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Study links gut-homing protein levels with HIV infection risk, disease progression

Study links gut-homing protein levels with HIV infection risk, disease progression

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Scanning electron micrograph of a human T cell from the immune system of a healthy donor. Credit: NIAID

For the first time, scientists have shown a relationship between the proportion of key immune cells that display high levels of a gut-homing protein called alpha-4 beta-7 at the time of HIV infection and health outcomes. Previous research illustrated this relationship in monkeys infected with a simian form of HIV.

The new study found that women who had more CD4+ T cells displaying high levels of alpha-4 beta-7 on their surface were more likely to become infected with HIV, and the virus damaged their immune systems more rapidly, than women with fewer such cells. The National Institutes of Health co-funded the study with the South African Medical Research Council as part of the U.S.-South Africa Program for Collaborative Biomedical Research. In addition, NIH scientists collaborated on the study. The report appears online today in the journal Science Translational Medicine.

“Our findings suggest that having a high frequency of alpha-4 beta-7-expressing CD4+ T cells, which HIV preferentially infects, leads to more HIV-infected CD4+ T cells moving to the gut, which in turn leads to extensive damage to gut-based immune cells,” said Anthony S. Fauci, M.D. Dr. Fauci co-authored the paper as chief of the Laboratory of Immunoregulation at the National Institute of Allergy and Infectious Diseases (NIAID), part of NIH. He also is director of NIAID.

The study was led by Lyle McKinnon, Ph.D., and Aida Sivro, Ph.D., both researchers at the Centre for the AIDS Programme of Research in South Africa (CAPRISA) in Durban, South Africa. Dr. McKinnon is also an assistant professor in the Rady Faculty of Health Sciences at the University of Manitoba in Winnipeg, Canada, and an honorary lecturer at the University of Nairobi in Kenya.

The research team compared the percentage of CD4+ T cells displaying high levels of alpha-4 beta-7 in blood samples drawn from 59 women shortly before they acquired HIV to the percentage of such cells in 106 women who remained HIV negative. Aged 18 to 40 years, the women were selected from participants in the CAPRISA 004 study, which evaluated the safety and efficacy of tenofovir gel for HIV prevention in KwaZulu-Natal, South Africa, from 2007 to 2010. Understanding HIV acquisition and disease progression among African women is especially important because women accounted for nearly 60 percent of new HIV infections among adults in sub-Saharan Africa in 2016.

The proportion of CD4+ T cells with high levels of alpha-4 beta-7 had an effect, albeit modest, on the risk of acquiring HIV among both the women in the CAPRISA 004 study and a separate cohort of 41 female sex workers in Kenya. The risk of HIV acquisition rose by 18 percent for each one percent increase in alpha-4 beta-7 protein. The authors show a similar association in monkeys that were vaginally exposed to a simian form of HIV.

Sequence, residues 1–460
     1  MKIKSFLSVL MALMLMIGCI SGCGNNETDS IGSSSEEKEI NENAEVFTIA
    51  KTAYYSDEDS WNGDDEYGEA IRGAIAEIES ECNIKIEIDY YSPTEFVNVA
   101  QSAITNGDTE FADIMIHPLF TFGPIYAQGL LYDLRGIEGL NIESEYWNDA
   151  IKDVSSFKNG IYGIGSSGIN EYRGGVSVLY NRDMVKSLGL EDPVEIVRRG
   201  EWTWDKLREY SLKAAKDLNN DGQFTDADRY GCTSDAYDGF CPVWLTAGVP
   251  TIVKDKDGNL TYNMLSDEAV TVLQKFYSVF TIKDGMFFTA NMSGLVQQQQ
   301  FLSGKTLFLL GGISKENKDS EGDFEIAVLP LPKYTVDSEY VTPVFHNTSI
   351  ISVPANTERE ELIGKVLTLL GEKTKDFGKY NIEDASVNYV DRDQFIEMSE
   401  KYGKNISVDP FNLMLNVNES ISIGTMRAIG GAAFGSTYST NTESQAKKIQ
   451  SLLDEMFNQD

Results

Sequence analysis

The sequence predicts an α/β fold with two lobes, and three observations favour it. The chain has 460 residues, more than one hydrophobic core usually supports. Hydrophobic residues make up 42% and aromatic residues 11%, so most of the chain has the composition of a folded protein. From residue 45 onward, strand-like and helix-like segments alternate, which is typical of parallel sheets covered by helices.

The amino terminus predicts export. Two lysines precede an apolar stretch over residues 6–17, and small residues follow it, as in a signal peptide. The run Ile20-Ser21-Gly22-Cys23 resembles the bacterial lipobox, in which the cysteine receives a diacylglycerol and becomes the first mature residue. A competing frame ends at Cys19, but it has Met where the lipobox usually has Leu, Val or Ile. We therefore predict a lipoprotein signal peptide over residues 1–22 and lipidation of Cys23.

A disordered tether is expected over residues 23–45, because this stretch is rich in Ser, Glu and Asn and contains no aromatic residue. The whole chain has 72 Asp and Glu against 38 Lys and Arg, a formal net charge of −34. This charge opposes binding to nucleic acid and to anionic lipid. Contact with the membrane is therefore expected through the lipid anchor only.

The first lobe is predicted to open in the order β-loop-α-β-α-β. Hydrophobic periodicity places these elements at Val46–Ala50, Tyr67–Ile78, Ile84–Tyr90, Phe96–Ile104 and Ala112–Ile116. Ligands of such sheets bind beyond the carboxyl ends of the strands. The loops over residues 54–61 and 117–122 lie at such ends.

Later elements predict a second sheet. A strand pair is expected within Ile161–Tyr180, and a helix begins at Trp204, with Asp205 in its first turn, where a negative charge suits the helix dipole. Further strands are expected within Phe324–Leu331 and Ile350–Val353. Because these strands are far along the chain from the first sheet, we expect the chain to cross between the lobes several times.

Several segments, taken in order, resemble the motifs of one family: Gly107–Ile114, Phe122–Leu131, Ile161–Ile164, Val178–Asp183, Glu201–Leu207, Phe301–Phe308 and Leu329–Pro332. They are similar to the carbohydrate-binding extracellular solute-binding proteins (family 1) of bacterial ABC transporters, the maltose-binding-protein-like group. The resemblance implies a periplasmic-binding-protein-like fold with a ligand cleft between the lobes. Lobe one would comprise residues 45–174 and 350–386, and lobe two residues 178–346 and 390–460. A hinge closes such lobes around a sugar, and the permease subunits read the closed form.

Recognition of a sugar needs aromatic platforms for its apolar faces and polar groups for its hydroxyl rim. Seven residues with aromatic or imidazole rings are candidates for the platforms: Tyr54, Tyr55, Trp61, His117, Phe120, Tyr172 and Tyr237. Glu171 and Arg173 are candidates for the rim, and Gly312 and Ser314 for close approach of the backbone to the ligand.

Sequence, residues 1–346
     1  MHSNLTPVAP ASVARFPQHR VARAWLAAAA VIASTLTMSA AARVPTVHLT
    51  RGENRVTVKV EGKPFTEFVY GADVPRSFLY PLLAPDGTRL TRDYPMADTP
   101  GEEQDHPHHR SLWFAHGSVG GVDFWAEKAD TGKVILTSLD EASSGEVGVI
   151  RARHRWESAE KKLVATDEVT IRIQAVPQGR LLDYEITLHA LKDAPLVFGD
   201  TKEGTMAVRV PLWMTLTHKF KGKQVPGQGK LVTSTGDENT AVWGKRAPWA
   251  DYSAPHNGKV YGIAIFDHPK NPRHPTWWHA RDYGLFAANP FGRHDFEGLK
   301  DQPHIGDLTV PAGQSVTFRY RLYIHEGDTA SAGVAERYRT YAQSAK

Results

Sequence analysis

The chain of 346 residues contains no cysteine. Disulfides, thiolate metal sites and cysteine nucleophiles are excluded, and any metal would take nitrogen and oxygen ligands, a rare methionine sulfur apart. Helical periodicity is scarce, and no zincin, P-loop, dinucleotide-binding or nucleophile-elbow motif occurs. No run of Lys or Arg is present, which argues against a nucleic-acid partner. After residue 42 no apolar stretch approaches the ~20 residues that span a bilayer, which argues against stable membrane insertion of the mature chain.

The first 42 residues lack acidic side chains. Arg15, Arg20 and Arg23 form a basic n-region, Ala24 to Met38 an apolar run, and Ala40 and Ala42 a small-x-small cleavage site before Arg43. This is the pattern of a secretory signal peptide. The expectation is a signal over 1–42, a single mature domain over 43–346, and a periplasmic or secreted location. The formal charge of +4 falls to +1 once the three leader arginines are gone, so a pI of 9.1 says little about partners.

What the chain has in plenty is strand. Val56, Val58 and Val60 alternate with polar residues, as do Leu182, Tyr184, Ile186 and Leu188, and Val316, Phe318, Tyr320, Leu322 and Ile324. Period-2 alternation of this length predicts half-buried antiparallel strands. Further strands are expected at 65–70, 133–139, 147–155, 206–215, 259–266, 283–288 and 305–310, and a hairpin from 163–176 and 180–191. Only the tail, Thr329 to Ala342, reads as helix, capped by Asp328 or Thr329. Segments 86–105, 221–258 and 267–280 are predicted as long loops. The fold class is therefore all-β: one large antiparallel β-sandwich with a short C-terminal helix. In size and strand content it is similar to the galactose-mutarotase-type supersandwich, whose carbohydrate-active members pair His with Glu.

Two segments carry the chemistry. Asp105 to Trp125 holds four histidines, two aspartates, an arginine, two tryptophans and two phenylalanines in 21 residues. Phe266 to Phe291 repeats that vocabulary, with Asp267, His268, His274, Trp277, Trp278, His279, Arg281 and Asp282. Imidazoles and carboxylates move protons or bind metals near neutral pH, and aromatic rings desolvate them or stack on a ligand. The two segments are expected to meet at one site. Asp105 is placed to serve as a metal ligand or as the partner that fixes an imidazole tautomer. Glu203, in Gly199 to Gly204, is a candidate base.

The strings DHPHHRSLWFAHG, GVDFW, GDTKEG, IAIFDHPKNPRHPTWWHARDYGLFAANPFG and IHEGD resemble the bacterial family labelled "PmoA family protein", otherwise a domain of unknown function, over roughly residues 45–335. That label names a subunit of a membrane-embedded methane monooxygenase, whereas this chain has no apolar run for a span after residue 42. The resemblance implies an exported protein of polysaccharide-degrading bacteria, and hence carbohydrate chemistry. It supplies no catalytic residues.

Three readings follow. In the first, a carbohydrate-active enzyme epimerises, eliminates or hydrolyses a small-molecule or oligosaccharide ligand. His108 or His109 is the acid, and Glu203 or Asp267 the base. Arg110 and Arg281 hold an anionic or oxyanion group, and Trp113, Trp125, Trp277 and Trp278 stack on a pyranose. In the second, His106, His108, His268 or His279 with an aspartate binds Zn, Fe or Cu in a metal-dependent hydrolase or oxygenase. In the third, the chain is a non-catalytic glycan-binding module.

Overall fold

The proportion of CD4+ T cells with high levels of alpha-4 beta-7 strongly affected how quickly HIV damaged the immune system. CD4+ T cell levels declined twice as fast among women with higher pre-infection levels of alpha-4 beta-7 as among women with lower pre-infection levels. In addition, the amount of HIV in the blood within a few months of infection was greater in women with higher pre-infection levels of alpha-4 beta-7 than in women with lower pre-infection levels. The mechanism for the immune system damage likely was HIV-related damage to the gut, the scientists report, as higher pre-infection levels of alpha-4 beta-7 were associated with higher levels of a biological marker of gut damage.

The scientists found that HIV targets CD4+ T cells displaying alpha-4 beta-7 very early in infection, particularly in the gut. In this regard, the researchers looked at data from the U.S. Military HIV Research Program-led RV254 clinical trial at the Thai Red Cross in Bangkok, Thailand, and found that starting antiretroviral therapy (ART) right after HIV diagnosis did not prevent the depletion of CD4+ T cells from the gut or facilitate reconstitution of the depleted cells.

“These findings suggest that interventions in addition to ART may be needed to restore CD4+ T cells in the GI tracts of people living with HIV,” said Dr. McKinnon. “One such intervention could be an anti-alpha-4 beta-7 antibody called vedolizumab, which is FDA-approved for the treatment of ulcerative colitis and Crohn’s disease.”

In previous studies led by Dr. Fauci and Aftab A. Ansari, Ph.D., of Emory University in Atlanta, a monkey-adapted form of vedolizumab contributed to the near-replenishment in monkeys of CD4+ T cells that had been destroyed by a simian form of HIV. Based on this and related findings, NIAID initiated an early-phase clinical trial in 2017 to determine whether short-term treatment with vedolizumab in combination with ART could generate sustained HIV remission in people living with HIV. The study is taking place at the NIH Clinical Research Center in Bethesda, Maryland. Preliminary results are expected later this year.

More information about the study is available at under study identifier NCT02788175.

Explore further:
Research helps explain how antibody treatment led to lasting HIV-like virus remission

More information:
A Sivro et al. Integrin α4β7 expression on peripheral blood CD4+ T cells predicts HIV acquisition and disease progression outcomes. Science Translational Medicine DOI: 10.1126/scitranslmed.aam6354 (2018).

Journal reference:
Science Translational Medicine

Provided by:
NIH/National Institute of Allergy and Infectious Diseases

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